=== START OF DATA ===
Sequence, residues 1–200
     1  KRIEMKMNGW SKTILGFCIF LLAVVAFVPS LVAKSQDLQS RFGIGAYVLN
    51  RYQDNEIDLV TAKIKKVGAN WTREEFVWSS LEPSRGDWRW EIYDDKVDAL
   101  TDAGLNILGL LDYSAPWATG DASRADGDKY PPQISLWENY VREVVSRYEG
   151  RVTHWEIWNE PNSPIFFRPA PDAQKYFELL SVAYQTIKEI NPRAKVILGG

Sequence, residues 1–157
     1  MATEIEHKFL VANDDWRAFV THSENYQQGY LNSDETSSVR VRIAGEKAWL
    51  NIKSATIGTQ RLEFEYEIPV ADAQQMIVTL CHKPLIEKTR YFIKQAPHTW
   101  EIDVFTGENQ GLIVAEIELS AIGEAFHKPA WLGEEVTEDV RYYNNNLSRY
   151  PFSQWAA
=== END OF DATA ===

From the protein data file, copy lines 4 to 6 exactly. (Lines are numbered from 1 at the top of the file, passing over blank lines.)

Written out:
   101  TDAGLNILGL LDYSAPWATG DASRADGDKY PPQISLWENY VREVVSRYEG
   151  RVTHWEIWNE PNSPIFFRPA PDAQKYFELL SVAYQTIKEI NPRAKVILGG

Sequence, residues 1–157